When the pretty birds have flown
Does the soul indeed finds peace up above and feels utmost satisfaction when the final rituals are conducted and the guests enjoy a lavish spread thereafter?
Death. A man passes away. For a new abode? Heaven or hell, depending upon his karma? Does the soul indeed finds peace up above and feels utmost satisfaction when the final rituals are conducted and the guests enjoy a lavish spread thereafter? Or the soul experiences painful turbulence on witnessing the plight of his own left vulnerable in this mortal world? We don't know the answers to any of these questions. But the harsh truth remains before our very eyes --- The man is gone, gone forever, never to return in our fold to grace the planet. The only thing that he has left behind is nothing but trails of memories.
Noted Algerian writer Mouloud Benzadi pens, "When the pretty birds have flown… And you feel hurt and alone… Be strong and carry on… And remember that life goes on".
Yes, absolutely true. Life, globe and nature continue to go on in its own pace despite personal tragedies which was felt by Rabindranath Tagore also. While travelling in a night train a few days after the death of his young son Shamindranath, Tagore noted how the moon continues to shower its beam on the world and how nature remained absolutely unaffected despite the absence of his son reminding the unfortunate grieving father of the laws of life ie move on and move on.
Indeed the Hooghly continues to flow in its full might, the fishermen continuing their search of fish on boats, launch still rendering its service of ferrying people and vehicles from bank to bank, the temple bell continues to toll by the riverside --- just no change, all things simply remaining the same! But for the mourner, nature or life undergoes a sea change as far as appreciation is concerned.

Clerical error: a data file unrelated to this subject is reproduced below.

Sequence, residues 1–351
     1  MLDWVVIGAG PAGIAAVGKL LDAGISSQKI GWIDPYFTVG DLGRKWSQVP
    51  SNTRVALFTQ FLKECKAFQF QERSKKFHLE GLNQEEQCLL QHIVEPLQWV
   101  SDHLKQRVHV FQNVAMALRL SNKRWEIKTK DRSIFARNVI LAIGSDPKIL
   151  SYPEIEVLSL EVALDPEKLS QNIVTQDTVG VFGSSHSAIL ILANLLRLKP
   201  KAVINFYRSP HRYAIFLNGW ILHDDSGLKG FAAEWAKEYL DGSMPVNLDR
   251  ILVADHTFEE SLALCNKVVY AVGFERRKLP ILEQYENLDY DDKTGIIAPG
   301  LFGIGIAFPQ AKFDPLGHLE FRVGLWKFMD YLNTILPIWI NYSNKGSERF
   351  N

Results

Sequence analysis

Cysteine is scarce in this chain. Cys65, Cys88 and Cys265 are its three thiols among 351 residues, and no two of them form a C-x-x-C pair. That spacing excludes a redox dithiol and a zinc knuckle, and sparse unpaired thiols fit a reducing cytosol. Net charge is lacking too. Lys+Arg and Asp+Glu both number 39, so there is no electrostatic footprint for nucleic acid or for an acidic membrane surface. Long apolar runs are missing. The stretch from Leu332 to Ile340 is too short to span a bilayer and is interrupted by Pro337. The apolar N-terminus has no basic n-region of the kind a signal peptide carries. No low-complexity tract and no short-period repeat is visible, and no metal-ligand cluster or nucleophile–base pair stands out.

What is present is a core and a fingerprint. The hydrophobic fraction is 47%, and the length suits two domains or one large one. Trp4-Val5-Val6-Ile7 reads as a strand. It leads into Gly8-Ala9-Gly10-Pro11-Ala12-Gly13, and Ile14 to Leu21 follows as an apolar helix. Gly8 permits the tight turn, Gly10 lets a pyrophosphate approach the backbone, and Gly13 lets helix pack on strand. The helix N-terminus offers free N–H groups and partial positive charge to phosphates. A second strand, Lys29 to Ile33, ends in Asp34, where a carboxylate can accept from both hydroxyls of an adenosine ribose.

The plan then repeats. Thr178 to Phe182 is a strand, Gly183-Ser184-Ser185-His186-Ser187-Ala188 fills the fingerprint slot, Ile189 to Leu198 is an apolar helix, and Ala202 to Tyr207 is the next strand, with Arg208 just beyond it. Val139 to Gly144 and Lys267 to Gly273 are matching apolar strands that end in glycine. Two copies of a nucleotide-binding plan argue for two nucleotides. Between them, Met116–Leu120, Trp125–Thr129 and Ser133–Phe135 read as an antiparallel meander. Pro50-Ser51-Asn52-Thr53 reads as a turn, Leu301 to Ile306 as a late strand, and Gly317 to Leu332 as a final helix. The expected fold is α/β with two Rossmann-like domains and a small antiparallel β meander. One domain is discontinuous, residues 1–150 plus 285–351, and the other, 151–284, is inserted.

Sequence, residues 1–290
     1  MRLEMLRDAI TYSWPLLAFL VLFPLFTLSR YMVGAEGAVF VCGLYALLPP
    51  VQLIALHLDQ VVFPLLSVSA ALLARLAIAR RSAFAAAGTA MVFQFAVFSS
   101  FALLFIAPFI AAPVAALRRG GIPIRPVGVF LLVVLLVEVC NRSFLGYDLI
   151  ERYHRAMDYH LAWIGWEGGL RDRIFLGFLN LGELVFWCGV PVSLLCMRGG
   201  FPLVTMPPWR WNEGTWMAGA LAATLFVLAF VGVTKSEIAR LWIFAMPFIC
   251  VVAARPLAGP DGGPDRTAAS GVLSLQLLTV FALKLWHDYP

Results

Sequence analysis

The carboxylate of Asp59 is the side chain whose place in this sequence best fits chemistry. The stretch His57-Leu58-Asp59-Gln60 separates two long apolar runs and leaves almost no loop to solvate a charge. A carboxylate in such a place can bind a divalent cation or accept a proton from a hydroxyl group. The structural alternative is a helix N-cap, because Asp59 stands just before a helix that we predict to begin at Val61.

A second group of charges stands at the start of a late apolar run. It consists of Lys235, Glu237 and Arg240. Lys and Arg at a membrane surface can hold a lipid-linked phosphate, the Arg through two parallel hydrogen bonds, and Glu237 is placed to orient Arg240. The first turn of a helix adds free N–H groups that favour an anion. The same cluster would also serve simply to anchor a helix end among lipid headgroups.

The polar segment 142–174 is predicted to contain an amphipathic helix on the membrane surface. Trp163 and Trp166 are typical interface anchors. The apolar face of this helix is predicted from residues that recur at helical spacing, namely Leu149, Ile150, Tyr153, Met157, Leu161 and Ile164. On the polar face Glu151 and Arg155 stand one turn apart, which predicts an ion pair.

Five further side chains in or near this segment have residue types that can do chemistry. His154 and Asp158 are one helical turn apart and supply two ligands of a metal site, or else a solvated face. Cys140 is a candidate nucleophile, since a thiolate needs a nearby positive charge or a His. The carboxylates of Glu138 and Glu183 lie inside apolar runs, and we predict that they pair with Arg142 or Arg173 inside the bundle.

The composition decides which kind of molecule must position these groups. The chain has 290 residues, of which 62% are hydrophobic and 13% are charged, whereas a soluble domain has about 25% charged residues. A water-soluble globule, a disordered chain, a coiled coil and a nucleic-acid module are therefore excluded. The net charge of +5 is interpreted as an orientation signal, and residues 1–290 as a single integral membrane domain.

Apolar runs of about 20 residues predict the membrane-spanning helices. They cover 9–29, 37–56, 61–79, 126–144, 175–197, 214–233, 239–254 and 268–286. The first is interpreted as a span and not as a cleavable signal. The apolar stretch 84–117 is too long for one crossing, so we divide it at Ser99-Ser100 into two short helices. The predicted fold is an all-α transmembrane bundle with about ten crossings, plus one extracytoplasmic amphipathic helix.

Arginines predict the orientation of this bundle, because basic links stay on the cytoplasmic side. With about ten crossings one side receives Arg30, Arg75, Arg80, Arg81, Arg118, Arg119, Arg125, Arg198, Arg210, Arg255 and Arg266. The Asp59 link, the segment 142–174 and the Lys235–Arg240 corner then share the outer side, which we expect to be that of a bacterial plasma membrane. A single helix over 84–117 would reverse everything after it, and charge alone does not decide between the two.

The river which had previously inspired awe or delight in mind with its massive watery glow now resembling nothing but a deluge of tears! The single boat negotiating the mighty river might had invoked a poem bordering on romance or adventure, but today the same sight might be equated with loneliness amidst the gallons of miseries!
On the holy dawn of Mahalaya, the children offer homage to their deceased ancestors. Again nobody can vouch about the existence of the soul high above, but there lies no doubt that such a thought indeed applies a balm to the heart as if the ancestors are appreciating our respect and in turn blessing us just as they had done when alive. This thought or idea of Mahalaya is certainly an inspiring one and a nice way to pay tribute to the departed ones.
Ending with an excerpt of Tagore gem, the idea of which might not be literally true, but spiritually very solacing --- "Who is it that says I am not there that morning?/ You will call me by a new name/ I will be there to join in every game/ You will encircle me with renewed ties/ And I will come and go as usual --- the eternal I".